September is Suicide Prevention Month

Suicide is the second leading cause of death among youth age 15-24. Studies show that substance use occurs more frequently as one of the risk factors among youth who have completed suicide.

17 September 2020 | News

Suicide is today the second leading cause of death among youth age 15-24. ( According to a report released Friday by the Centers for Disease Control and Prevention, the rate of suicide among those aged 10 to 24 increased by nearly 60% between 2007 and 2018. Approximately one out of every 15 high school students reports attempting suicide each year. One out of every 53 high school students reports having made a suicide attempt that was serious enough to be treated by a doctor or a nurse. And for each suicide death among young people, there may be as many as 100 to 200 suicide attempts.

Suicidal behavior emanates from multiple risk factors. Mental health conditions are often seen as the cause, but other problems often contribute to suicide, including issues related to alcohol and substance use. According to a study made by Esang & Ahed (2018), individuals with alcohol dependence and persons who use drugs have a 10–14 times greater risk of death by suicide, respectively, and approximately 22% of deaths by suicide have involved alcohol intoxication.

Other studies that have examined risk factors among people who have completed suicide have also shown that substance use occurs as a risk-factor more frequently among youth and adults than among older persons (

Warning Signs of Suicide

If someone you know is showing one or more of the following behaviors, he or she may be thinking about suicide. Don’t ignore these warning signs. Get help immediately.

  • Talking about wanting to die or to kill oneself
  • Looking for a way to kill oneself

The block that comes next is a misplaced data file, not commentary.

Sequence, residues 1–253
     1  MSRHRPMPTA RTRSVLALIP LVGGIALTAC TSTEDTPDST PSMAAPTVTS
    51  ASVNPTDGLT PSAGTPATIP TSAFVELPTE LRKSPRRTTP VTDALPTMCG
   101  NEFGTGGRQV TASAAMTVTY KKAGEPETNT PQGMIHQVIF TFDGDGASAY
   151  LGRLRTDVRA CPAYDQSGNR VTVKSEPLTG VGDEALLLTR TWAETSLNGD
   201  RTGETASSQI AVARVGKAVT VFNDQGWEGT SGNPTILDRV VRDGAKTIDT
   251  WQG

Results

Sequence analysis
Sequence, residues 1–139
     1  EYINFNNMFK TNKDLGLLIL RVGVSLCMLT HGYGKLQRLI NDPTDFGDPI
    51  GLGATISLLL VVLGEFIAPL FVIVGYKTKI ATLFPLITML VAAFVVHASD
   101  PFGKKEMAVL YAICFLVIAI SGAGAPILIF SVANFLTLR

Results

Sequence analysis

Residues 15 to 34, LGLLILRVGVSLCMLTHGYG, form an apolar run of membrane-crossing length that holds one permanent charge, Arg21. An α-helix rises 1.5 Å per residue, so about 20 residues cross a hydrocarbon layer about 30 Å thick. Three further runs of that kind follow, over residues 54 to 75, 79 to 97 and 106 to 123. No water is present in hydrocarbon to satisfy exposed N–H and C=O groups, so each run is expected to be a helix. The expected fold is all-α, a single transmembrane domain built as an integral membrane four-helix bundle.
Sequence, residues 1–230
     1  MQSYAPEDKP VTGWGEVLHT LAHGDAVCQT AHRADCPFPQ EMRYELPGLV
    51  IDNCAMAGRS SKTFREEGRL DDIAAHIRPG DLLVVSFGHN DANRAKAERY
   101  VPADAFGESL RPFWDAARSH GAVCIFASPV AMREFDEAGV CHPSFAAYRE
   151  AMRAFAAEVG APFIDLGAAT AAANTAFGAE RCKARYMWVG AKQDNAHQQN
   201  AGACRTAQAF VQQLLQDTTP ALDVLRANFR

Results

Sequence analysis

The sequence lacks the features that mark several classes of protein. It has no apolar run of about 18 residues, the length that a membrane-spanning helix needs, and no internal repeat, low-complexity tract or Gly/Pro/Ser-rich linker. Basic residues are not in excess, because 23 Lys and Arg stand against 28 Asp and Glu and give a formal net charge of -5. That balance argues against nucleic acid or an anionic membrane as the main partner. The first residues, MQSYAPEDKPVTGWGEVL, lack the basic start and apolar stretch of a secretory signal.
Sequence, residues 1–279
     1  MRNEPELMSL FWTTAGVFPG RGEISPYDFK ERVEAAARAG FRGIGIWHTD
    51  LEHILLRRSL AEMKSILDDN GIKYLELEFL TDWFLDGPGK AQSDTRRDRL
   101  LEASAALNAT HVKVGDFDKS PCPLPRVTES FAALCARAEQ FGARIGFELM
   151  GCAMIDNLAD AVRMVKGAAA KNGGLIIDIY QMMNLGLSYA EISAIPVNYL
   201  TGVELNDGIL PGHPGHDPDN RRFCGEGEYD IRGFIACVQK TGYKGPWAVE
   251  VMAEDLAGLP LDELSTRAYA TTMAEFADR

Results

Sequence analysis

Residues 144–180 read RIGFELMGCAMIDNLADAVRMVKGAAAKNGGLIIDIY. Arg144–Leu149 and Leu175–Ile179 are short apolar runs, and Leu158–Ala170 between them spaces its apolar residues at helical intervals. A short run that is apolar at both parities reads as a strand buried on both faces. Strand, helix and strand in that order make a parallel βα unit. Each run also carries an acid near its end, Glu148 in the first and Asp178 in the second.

• Talking about feeling hopeless or having no reason to live
  • Talking about feeling trapped or in unbearable pain
  • Talking about being a burden to others
  • Increasing the use of alcohol or drugs
  • Acting anxious or agitated; behaving recklessly
  • Sleeping too little or too much
  • Withdrawing or feeling isolated
  • Showing rage or talking about seeking revenge
  • Displaying extreme mood swings


Key Resources

National Suicide Prevention Lifeline: 800-273-TALK (8255)
The National Suicide Prevention Lifeline is a 24-hour, toll-free, confidential suicide prevention hotline available to anyone in suicidal crisis or emotional distress. When you call 1-800-273-TALK (8255), you are connected to the nearest crisis center in a national network of more than 150 that provide crisis counseling and mental health referrals day and night. The Lifeline also provides informational materials, such as brochures, wallet cards, posters, and booklets. Prestamos servicios en español (1-888-628-9454). Translators speaking approximately 150 languages are available.

Resources and Information on Suicide from SAMHSA
The Substance Abuse and Mental Health Services Administration (SAMHSA) is the agency within the U.S. Department of Health and Human Services that leads public health efforts to advance the behavioral health of the nation. SAMHSA’s mission is to reduce the impact of substance abuse and mental illness on America’s communities. SAMHSA funds and supports the National Suicide Prevention Lifeline and the Suicide Prevention Resource Center.

Resources and Information on Suicide from CDC 
Centers for Disease Control and Prevention (CDC) has developed a technical package, Preventing Suicide: A Technical Package of Policy, Programs, and Practices pdf icon[6.11 MB, 62 Pages, 508] that provides information on the best available evidence for suicide prevention. This technical package represents a select group of strategies based on the best available evidence to help communities and states sharpen their focus on prevention activities with the greatest potential to prevent suicide.